Seminaries face challenging times, with financial struggles and student debt, and real questions being about how to best prepare effective leaders to serve in religiously diverse communities. Many mainline congregations are struggling to survive — and the implications of that struggle echo through the lives of seminarians as well.
New findings from the Center for the Study of Theological Education at Auburn Theological Seminary add a statistical foundation to the lived experiences of many of those involved in theological education. The conclusions are mined from the new Pathways to Seminary report. This new report builds upon the research from a 2001 report — tracking enrollment and other trends at the same 205 theological schools over a 20 year period, from 1992 through 2011.
Scholars Barbara G. Wheeler and Anthony T. Ruger, in a recent article written for the magazine In Trust — a resource for leaders of theological schools — gave a glimpse into the findings of the new study.
Wheeler and Ruger write that when leaders of theological schools gather, “there is candid conversation about enrollment problems: lower student headcounts and decreasing full-time equivalent (FTE) enrollment numbers, especially in longer programs like the master of divinity. At the same time, presidents and deans report some good news: Their schools are attracting excellent students, including, in some schools, a growing number of recent college graduates — a cohort that had diminished sharply since the mid-20th century. These encouraging trends suggest the future is not as bleak as straight-line enrollment trends may suggest.”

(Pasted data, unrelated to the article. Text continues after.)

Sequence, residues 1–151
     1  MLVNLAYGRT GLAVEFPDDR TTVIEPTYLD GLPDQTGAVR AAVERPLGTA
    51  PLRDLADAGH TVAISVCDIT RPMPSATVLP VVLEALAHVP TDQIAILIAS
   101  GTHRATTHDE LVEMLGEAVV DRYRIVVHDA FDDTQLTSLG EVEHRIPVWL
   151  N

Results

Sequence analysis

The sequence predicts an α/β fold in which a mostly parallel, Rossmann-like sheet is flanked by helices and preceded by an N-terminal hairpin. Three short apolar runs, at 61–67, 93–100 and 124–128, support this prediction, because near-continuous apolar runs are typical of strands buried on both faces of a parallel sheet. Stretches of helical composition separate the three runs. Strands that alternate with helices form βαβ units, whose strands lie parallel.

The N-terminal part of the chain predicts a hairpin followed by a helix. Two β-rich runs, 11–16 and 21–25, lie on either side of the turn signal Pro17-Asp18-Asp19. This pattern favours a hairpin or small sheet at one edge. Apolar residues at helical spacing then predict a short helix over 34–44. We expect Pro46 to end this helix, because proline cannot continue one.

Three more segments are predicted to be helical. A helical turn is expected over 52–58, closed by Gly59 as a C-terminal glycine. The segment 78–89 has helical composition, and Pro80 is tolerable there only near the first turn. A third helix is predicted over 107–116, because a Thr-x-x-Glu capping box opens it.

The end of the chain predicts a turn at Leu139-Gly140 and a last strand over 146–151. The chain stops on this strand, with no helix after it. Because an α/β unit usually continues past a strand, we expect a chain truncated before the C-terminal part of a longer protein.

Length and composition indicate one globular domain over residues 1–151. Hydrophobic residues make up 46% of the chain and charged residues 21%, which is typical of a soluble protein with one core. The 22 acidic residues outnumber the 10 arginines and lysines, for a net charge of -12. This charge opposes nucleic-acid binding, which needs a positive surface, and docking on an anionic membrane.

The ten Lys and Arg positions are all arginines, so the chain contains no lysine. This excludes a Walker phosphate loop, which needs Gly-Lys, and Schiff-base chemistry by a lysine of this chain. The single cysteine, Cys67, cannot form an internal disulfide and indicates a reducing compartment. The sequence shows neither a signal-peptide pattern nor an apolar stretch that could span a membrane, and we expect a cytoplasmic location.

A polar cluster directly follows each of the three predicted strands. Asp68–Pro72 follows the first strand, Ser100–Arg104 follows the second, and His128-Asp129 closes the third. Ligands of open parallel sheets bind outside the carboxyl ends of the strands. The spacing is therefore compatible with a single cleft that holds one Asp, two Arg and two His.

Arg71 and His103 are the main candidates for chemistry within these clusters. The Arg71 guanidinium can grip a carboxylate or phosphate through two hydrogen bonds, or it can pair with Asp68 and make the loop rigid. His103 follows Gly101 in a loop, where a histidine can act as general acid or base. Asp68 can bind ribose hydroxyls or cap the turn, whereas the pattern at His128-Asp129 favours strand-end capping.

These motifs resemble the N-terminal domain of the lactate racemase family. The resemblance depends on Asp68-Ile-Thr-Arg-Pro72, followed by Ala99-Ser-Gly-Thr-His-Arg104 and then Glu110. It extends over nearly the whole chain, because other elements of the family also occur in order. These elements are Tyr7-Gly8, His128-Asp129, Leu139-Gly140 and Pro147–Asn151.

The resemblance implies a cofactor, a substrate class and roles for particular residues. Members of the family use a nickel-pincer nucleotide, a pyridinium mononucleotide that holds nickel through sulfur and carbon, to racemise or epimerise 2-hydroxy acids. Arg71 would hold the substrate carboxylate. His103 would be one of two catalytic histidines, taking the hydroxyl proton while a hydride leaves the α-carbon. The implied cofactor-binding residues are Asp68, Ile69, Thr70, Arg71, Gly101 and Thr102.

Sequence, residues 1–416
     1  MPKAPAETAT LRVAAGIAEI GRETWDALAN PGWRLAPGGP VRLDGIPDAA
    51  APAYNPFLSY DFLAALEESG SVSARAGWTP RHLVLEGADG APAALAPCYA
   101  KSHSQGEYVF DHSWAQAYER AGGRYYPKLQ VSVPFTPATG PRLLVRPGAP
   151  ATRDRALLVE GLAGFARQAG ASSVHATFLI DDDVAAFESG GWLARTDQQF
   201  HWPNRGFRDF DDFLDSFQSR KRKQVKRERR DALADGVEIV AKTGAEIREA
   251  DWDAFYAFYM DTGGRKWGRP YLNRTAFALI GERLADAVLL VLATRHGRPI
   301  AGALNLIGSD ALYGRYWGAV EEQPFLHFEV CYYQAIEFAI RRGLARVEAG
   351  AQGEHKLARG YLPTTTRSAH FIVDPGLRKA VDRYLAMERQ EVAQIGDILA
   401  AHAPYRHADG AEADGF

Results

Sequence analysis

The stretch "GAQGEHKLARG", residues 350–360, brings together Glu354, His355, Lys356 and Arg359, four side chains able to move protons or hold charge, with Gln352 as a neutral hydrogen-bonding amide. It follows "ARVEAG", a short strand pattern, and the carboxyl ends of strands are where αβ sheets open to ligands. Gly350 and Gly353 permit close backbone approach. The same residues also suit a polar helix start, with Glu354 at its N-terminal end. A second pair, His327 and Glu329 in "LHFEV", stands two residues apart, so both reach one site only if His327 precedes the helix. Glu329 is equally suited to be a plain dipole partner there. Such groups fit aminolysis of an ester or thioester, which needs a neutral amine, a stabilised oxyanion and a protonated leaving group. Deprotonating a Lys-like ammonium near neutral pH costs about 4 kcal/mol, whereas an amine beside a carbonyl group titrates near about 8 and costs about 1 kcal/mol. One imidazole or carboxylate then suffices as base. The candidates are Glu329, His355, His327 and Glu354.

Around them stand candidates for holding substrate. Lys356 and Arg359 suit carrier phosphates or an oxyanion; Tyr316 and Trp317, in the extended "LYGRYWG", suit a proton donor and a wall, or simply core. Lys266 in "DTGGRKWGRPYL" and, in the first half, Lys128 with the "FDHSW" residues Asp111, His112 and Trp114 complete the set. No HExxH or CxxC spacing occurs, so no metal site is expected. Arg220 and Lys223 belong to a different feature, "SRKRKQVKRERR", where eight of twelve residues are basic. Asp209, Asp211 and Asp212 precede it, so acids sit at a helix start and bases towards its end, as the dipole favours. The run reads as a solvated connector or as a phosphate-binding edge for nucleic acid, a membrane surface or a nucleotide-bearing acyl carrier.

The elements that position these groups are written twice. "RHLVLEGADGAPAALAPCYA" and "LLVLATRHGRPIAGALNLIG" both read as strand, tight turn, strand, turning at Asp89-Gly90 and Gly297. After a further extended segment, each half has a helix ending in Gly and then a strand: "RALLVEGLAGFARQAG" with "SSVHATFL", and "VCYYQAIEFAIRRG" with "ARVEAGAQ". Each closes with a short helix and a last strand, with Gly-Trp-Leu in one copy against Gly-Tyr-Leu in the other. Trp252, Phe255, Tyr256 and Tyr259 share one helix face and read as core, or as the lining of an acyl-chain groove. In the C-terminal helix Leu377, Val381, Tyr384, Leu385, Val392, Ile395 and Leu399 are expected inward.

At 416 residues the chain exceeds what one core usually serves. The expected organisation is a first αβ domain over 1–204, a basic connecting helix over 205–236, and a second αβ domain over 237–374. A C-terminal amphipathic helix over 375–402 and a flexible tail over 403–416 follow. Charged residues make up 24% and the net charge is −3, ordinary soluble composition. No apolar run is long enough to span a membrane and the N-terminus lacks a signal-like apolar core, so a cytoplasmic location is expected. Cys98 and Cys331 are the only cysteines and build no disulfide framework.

Among the points of discovery Wheeler and Ruger cite from the new study are these.
Enrollment decline. The past two decades brought enrollment growth for North American theological seminaries — growth that peaked in the mid-2000s, followed by decline. “Growth occurred when evangelical groups were expanding and becoming a majority presence within the theological school community,” Wheeler and Ruger wrote in the Spring 2013 issue of In Trust magazine. “Today, all religious groups, including evangelicals, are losing strength, and seminary enrollments track this change rather closely.”
Degree programs trends. Masters of divinity programs have lost 7.5 percent of their enrollment since 2006, the peak enrollment during this 20-year period. No degree program has gained during that time — although other masters programs have lost fewer students than the master of divinity. Enrollment in doctor of ministry programs has held fairly steady.
While enrollment in master of divinity programs has dropped over the 20 years — from 69 percent of students in 1992 to 63 percent of students in 2011 — enrollment in masters’ programs designed to prepare students for other ministries have seen a modest enrollment increase, rising from 14 percent of enrollment in 1992 to 20 percent in 2011.
Different traditions. Independent evangelical schools (those with no denominational ties) grew quickly, peaked in enrollment before 2006, and then saw enrollments decline. For Roman Catholic and evangelical schools with denominational ties, enrollment growth started later and fell off sooner. Theological schools affiliated with mainline denominations, such as the Presbyterian Church (U.S.A), saw slow enrollment growth followed by heavy losses. Mainline independent schools started with little growth, but rebounded a bit and leveled off.
The researchers drew a number of conclusions from the enrollment patterns: